Actually, ancient Native American chiefs were servant leaders in the best sense. They were usually very generous, hard working leaders, even as the New Testament in the Bible describes a leader should be! It is ironic and a literal shame that in the process of conquering them for their land, the white men who claimed to have the truth of real religion cut the native American people off from that truth through the lies and cruelty of the majority when they could have shared that truth (if htey really possessed it) with a very spiritual and often open people.
Unfortunately in some cases, the tribal leadership you see today has adopted our selfish, corrupt, self serving style of political leadership. But please bear in mind this is a product of the white man's interference, genocide and the destruction of their way of life, not their nature. This is not to say that ancient Native Americans were without fault, living in a paradise state, by no means! But in some respects they had not fallen as far from paradise as their white brothers, in other respects perhaps they had fallen more.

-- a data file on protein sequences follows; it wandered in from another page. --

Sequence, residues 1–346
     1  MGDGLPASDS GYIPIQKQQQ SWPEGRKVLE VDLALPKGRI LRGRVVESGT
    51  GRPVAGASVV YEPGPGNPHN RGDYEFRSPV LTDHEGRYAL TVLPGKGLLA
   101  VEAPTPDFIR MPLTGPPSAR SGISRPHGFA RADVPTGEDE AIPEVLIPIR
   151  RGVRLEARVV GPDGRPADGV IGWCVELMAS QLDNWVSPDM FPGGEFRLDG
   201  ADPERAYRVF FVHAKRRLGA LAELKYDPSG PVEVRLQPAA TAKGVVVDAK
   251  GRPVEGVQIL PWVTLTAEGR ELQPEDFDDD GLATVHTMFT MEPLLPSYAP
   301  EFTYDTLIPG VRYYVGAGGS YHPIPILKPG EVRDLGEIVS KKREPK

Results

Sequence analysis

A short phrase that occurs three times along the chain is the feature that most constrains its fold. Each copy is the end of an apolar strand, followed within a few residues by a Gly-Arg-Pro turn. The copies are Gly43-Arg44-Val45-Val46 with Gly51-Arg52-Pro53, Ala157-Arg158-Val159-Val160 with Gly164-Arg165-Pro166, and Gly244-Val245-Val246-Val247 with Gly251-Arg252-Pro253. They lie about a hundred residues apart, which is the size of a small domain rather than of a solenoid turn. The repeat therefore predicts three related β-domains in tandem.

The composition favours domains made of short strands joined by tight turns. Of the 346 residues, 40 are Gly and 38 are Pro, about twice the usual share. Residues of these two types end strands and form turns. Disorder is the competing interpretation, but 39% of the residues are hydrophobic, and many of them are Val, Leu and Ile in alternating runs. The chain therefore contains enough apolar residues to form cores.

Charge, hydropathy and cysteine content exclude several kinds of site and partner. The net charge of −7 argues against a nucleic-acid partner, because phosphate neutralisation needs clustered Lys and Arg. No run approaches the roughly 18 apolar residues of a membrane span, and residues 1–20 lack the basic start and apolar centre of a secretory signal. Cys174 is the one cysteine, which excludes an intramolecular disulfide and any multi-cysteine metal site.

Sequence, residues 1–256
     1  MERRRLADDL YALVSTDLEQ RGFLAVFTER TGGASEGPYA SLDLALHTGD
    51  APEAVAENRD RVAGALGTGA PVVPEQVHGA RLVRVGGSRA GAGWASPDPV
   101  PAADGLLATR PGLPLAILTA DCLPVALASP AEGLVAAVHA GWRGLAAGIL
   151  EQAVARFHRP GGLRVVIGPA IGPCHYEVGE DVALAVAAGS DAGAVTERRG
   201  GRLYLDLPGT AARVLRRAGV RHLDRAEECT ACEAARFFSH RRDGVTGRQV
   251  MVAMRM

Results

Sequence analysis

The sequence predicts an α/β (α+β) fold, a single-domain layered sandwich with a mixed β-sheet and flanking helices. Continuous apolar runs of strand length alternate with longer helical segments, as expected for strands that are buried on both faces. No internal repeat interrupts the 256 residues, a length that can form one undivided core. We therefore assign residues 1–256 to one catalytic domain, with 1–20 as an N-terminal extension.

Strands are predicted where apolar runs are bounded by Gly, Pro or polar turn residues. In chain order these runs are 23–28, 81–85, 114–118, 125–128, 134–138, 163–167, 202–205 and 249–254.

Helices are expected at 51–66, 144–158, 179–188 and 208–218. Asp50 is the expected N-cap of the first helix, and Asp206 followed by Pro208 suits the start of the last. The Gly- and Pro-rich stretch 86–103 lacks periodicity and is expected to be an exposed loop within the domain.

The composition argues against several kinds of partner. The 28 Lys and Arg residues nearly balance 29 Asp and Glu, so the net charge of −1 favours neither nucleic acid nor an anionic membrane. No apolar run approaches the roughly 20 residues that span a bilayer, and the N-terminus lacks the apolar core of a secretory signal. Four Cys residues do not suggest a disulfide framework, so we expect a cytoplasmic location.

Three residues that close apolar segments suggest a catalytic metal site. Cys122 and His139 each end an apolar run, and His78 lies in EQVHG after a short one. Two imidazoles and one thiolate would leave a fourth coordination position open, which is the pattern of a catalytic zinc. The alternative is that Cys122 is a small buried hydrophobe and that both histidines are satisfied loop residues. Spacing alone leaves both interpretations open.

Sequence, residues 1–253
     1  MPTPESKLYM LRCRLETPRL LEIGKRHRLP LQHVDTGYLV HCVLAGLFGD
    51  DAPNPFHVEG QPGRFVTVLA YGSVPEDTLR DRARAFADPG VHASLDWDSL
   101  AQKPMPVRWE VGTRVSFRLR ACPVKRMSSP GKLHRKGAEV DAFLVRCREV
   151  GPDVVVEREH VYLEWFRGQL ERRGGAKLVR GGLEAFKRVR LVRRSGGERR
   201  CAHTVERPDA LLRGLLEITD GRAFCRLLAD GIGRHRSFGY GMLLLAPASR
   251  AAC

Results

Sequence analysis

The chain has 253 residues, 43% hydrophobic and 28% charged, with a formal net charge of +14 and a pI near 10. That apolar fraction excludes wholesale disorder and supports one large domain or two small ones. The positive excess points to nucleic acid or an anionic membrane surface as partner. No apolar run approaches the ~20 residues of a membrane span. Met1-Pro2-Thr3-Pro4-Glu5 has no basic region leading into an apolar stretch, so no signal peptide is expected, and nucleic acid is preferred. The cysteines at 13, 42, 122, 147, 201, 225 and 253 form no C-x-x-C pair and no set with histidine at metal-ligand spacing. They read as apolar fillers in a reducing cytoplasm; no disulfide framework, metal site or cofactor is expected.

(In case you are wondering on what authority such broad and "judgmental" statements are made, the writer bases these statements on his understanding of history and the current situation in light of what the Bible teaches about how we should live, lead and serve. Americans today are afraid to judge anything, but God commands us to use "good judgment" to discern good and evil.)
Today, though living on the same continent and both groups facing many of the same challenges, many reservations also face numerous other social, cultural and economic challenges that are foreign to most of us and would be shocking if mainstream America knew their plight.
The saying also is used to point out work forces or projects with conflicting leadership because no one person is in charge, I did not mean it in that sense, but rather in the sense that we have too much leadership and not enough workers to get the job done.